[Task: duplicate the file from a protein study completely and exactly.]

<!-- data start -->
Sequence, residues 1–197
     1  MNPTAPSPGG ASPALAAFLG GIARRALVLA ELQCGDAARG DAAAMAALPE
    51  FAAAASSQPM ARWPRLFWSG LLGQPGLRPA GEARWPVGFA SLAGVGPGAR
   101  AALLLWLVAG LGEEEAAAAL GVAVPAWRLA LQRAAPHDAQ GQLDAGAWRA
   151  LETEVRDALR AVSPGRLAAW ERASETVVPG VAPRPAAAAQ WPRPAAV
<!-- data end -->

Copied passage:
Sequence, residues 1–197
     1  MNPTAPSPGG ASPALAAFLG GIARRALVLA ELQCGDAARG DAAAMAALPE
    51  FAAAASSQPM ARWPRLFWSG LLGQPGLRPA GEARWPVGFA SLAGVGPGAR
   101  AALLLWLVAG LGEEEAAAAL GVAVPAWRLA LQRAAPHDAQ GQLDAGAWRA
   151  LETEVRDALR AVSPGRLAAW ERASETVVPG VAPRPAAAAQ WPRPAAV